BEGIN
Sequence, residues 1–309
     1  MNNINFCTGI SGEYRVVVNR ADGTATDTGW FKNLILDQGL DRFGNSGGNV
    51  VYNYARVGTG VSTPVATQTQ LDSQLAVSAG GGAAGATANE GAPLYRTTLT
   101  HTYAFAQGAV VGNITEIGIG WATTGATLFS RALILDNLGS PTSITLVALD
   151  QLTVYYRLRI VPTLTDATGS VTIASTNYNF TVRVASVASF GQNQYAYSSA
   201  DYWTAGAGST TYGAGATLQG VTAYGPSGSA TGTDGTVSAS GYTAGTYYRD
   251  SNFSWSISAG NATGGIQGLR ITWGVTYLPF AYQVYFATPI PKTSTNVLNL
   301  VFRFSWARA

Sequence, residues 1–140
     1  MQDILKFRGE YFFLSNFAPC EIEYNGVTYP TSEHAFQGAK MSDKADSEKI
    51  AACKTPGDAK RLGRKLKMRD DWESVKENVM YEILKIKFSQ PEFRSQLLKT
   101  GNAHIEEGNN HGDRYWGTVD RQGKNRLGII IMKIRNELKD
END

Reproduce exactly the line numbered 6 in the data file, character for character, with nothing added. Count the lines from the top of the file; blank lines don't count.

   201  DYWTAGAGST TYGAGATLQG VTAYGPSGSA TGTDGTVSAS GYTAGTYYRD